“The force of our team is the length and the strength of our big guys,” he said after Thursday’s practice, a day after the team’s 103-88 victory in New Orleans. “Kobe (Bryant) drives the team, he has the energy for the team, but still it’s about making the defense have to look over their shoulders and help each other out inside, and then we can attack other places.”
That’s certainly what the Lakers have done in the past, and what they were able to do perhaps for the first time this season with 7-foot center Andrew Bynum returning to the starting line up after missing the first 24 games while recovering from offseason knee surgery and coming off the bench in the team’s past seven games.
He’d played an average of 17 minutes as the Lakers won four straight on the road against weaker opponents and then lost three straight, but on Wednesday in the Big Easy, Bynum was effective from the opening tip en route to 18 points with six rebounds in 30 minutes. Meanwhile, Lamar Odom — whom Jackson said has played at an All-Star level all season — willingly returned to the bench, then showed how little of a problem it was for him by scoring his career-high off the pine with 24 points.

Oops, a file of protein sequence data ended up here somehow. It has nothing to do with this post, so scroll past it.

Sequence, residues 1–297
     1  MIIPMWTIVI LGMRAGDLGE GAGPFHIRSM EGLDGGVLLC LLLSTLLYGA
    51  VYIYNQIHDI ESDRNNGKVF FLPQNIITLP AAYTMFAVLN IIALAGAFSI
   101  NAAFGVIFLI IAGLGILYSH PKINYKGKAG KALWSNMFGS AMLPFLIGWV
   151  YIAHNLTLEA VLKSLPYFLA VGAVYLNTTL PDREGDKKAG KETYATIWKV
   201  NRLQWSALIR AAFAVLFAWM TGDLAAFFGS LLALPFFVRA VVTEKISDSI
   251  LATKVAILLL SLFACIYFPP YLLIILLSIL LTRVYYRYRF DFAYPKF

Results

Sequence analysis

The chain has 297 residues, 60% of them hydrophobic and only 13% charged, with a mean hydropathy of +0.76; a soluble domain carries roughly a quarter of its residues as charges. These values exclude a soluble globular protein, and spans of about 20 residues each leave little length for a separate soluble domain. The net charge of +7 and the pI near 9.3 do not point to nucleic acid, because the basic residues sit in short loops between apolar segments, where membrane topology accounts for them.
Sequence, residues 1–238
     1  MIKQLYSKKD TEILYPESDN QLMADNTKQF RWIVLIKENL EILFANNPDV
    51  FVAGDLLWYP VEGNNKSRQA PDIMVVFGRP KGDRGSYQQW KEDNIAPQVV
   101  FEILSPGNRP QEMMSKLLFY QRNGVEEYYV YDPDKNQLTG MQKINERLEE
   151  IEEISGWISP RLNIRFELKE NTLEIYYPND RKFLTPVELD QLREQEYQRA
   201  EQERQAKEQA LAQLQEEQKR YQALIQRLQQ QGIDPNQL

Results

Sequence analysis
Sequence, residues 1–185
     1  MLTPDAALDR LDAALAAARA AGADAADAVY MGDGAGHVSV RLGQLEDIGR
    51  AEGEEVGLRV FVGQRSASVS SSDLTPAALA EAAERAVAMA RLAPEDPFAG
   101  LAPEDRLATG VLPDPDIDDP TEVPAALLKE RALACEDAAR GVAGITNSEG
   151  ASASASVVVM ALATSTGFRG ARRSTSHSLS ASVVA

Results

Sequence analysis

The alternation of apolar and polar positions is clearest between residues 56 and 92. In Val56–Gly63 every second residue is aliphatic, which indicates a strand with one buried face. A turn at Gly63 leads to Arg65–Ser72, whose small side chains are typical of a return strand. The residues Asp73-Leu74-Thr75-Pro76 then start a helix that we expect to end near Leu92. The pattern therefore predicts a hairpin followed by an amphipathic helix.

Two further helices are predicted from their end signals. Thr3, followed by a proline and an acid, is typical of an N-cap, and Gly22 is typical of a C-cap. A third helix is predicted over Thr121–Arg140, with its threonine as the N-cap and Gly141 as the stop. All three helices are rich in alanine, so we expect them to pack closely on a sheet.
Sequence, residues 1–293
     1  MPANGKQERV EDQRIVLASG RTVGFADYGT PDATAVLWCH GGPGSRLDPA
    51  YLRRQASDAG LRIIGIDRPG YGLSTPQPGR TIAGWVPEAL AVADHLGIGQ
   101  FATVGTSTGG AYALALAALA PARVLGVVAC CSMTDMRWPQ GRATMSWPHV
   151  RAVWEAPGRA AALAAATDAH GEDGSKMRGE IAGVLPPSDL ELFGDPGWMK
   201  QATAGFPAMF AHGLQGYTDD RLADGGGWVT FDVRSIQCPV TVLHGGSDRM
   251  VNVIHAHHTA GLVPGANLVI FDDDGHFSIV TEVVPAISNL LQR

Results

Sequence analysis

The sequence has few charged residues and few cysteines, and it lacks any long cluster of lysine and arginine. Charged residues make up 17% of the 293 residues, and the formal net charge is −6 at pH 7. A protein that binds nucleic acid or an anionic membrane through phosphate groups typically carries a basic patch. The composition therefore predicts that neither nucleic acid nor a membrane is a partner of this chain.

“We knew we were going to have to make this move eventually, getting ‘Drew out there on the floor, and it was going to take a little bit of an experimental stage,” said Jackson. “Fortunately we came through with flying colors, but I thought it would be much more clumsy than it happened to be. We were able to do what we wanted to get done out there and shoot the ball well, too, so we’re happy with that.
“We know it’s going to take a little bit of time before we’re the full-fledged team that we think represents the championship teams that we’ve had.”
Perhaps so, but even with Bynum a few weeks away (in his estimation) of being fully ready to go, the Lakers looked like … well, the Lakers’ title teams in his first time playing regular minutes. The 23-year-old came through the game just fine, without any swelling, and will start against Philadelphia on Friday at Staples Center.
Bynum said that Odom’s been instrumental to his return, as L.A.’s most gregarious player has taken particular care to keep Bynum’s spirits up during his rehabilitation, telling him his starting spot was waiting as soon as he was ready. In New Orleans, Odom stood up to cheer on the bench when Bynum threw down his first alley-oop, then made 10-of-15 shots after checking in.
“He’s shooting 58 percent, and that’s one of the top shooters in the league,” said Jackson of Odom. “I think he’s very confident in what he can do out there on the floor. He knows what his game is, and he’s very comfortable assessing the game. He’s hungry for team play and he likes to help the team along.”
As for his willingness to return to the bench, a rarity for someone averaging 15.8 points and 9.8 rebounds?
“That’s the difference in championship teams,” explained Jackson. “We said it two years ago and last year, the difference is that you can guys that you can bring off the bench that are starters. In Lamar’s case, we have even an All-Star (willing to do it).”